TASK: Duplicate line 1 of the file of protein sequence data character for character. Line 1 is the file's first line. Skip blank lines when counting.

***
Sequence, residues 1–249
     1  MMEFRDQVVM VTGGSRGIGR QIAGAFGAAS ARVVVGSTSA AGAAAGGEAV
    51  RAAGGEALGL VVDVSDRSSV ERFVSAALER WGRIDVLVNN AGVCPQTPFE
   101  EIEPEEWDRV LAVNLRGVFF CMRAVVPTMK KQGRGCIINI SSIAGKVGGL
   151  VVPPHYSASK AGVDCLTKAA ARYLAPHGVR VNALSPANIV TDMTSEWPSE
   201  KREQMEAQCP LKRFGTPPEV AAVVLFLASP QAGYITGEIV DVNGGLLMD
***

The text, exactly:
Sequence, residues 1–249